The Governance Review Committee held its third town hall of the year at UTM on Thursday afternoon to explain the restructuring of decision-making bodies.

Since the inception of the university-wide Towards 2030 planning process, the University of Toronto’s Governing Council, the highest decision-making body at the university, established the Task Force on Governance which produced a Governance Report that recommended the restructuring of bodies at the satellite campuses.

Louis Charpentier, secretary of Governing Council, presented the structure and mandate of the proposed governance model in Council Chambers.

At the last Town Hall in January, the committee presented recommendations including that UTM and UTSC will have their own Campus Councils with separate committees to review academic and campus affairs to tailor decision-making procedures to the needs of the local community.

On Thursday, Charpentier presented the proposed mandate for Campus Council (CC), which would be comparable to a board of Governing Council, and would only be concerned with matters affecting UTM’s objectives and priorities, the development of these plans, and the effective use of resources. The CC would be comprised of internal and external members from the five estates being represented: students, faculty, staff, alumni, and community. Of the 26 members that are expected to sit on CC, thirteen would be internal members. Of those internal members, three are students.

According to Professor Amrita Daniere, the Vice-Dean Graduate and chair of the Governance Review Committee, the CC is envisioned as a body to vote or approve things that have already been debated and negotiated at the Campus Affairs Committees and Academic Affairs Committees, both of which are being created under the new model.

The Executive Committee would serve as the agenda-setting function, with membership appointed annually by the CC.

The Academic Affairs Committee would be responsible for academic matters and the Campus Affairs Committee would be concerned with matters that directly affect the quality of campus life.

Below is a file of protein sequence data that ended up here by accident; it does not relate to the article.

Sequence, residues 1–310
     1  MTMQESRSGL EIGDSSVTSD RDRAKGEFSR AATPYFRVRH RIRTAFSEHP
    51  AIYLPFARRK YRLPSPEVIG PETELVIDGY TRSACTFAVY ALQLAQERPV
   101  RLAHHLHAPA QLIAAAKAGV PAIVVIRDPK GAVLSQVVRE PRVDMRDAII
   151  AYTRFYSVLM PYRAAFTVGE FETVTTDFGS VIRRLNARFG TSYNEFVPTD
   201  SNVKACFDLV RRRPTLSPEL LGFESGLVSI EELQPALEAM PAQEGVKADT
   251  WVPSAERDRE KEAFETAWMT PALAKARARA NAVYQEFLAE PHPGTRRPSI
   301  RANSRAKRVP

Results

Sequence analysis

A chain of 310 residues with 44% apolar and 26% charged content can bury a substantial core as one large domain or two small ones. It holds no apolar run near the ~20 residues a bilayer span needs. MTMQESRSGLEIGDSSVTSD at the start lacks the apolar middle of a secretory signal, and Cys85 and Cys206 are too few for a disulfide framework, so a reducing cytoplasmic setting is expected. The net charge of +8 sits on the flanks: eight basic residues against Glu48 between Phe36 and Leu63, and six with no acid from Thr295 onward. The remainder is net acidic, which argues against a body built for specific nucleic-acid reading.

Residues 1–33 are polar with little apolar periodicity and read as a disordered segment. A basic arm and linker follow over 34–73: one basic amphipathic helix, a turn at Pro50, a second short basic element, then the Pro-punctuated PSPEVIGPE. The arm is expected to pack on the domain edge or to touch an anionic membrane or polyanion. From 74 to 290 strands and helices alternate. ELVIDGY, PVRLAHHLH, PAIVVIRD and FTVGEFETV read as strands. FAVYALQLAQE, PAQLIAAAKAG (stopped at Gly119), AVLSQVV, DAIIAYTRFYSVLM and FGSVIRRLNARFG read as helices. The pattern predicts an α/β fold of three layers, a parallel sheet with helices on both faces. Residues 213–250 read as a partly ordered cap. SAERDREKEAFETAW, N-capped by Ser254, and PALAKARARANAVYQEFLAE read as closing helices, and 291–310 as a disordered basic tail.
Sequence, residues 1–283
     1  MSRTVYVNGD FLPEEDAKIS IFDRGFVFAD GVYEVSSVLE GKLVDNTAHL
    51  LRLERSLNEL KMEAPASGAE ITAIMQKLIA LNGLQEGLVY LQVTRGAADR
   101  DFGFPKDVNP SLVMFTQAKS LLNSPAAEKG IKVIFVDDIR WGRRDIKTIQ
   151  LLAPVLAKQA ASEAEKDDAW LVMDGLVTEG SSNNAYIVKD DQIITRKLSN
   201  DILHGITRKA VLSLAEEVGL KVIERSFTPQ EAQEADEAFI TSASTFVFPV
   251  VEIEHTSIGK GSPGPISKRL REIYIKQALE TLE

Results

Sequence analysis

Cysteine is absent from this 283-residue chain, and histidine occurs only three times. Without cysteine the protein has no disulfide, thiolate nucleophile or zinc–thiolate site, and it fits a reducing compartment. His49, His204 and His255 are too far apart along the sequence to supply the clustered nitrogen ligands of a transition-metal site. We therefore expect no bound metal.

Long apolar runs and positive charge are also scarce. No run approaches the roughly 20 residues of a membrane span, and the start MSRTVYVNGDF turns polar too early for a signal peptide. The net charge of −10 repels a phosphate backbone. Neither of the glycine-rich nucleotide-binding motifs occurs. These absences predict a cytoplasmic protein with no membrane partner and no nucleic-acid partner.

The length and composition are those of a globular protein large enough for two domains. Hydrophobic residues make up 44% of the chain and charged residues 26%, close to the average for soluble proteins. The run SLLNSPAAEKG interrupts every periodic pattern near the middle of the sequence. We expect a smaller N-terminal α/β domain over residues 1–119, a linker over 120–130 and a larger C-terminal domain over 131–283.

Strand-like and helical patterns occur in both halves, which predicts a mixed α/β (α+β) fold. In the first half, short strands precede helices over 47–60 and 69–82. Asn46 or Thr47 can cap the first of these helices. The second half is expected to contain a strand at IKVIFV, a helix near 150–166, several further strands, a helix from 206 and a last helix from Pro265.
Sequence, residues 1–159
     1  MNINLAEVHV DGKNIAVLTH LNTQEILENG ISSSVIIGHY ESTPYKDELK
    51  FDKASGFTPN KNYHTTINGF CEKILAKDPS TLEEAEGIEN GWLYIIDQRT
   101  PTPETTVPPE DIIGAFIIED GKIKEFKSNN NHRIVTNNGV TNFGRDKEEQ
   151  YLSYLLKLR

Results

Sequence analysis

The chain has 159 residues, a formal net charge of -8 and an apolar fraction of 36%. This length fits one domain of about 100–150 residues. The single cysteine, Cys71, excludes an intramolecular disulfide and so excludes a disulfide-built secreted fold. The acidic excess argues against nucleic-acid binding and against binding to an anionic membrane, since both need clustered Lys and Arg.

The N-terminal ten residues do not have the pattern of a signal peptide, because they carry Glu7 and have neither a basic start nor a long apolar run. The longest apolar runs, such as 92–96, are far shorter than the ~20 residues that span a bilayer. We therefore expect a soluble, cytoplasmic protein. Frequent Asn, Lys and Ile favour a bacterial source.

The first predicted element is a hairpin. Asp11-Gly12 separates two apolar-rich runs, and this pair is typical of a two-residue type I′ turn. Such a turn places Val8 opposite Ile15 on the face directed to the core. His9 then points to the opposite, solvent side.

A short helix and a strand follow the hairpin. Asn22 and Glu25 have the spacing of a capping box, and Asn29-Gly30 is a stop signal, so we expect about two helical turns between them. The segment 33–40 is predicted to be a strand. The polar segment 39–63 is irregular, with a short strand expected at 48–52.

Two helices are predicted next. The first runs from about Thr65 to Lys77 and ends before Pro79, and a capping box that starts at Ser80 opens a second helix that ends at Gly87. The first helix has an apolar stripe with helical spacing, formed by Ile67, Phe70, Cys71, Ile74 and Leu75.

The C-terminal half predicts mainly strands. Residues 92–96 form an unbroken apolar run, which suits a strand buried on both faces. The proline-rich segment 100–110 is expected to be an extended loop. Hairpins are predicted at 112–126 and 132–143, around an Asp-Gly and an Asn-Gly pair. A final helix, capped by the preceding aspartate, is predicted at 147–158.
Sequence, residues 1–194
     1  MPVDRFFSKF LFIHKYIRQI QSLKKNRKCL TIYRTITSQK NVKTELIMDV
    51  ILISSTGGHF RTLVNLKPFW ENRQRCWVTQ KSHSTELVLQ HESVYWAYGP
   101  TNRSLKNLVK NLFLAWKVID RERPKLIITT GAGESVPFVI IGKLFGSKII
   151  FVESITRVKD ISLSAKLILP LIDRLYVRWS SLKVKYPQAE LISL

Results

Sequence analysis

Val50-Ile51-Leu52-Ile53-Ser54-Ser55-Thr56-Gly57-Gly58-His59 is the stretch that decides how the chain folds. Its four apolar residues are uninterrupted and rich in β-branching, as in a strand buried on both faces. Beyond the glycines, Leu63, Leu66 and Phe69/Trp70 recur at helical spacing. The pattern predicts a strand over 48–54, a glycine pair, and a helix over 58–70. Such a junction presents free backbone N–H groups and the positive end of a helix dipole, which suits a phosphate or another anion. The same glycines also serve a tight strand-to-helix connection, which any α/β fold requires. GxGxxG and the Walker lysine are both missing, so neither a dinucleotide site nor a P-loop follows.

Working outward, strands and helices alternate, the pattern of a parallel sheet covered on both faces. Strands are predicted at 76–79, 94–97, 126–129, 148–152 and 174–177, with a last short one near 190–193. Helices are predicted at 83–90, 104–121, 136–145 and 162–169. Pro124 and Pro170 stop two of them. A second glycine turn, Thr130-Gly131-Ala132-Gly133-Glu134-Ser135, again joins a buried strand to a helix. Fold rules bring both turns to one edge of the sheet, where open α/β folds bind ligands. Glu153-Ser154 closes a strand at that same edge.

This new governance model is expected to replace the ECC when it comes into effect.

After Charpentier presented the new model, he and Daniere answered questions from those in attendance.

“The idea isn’t that any of the new bodies that we’re focussing on today is going to exactly mimic the size of the ECC,” Daniere said. “The size isn’t as important as the percentages and the representation of the different five estates. It’s not a one-to-one replacement with ECC. We’re proposing a different structure now. This is a totally different animal than ECC.”

Representation of students on these committees was brought up many times during the Q&A session.

Gilbert Cassar, president of the UTM Students’ Union, along with the union’s Executive Director Walied Khogali, expressed disappointment in the new model.

Besides the fact that student representation has been reduced, UTMSU’s other main concern was that UTM is being forced to “adopt a sort of mirror model from the Scarborough campus”.

“The model we’ve been focussing on is the one that has come from task force and Scarborough primarily because it seems to work,” Daniere said. “This is a really complicated process. This is a really complicated university. There are many considerations to bear in mind.”

The model will be presented to the Governing Council for approval on June 25 with the implementation taking place from 2012 to 2013. The expected effective date of changes is July 1, 2013.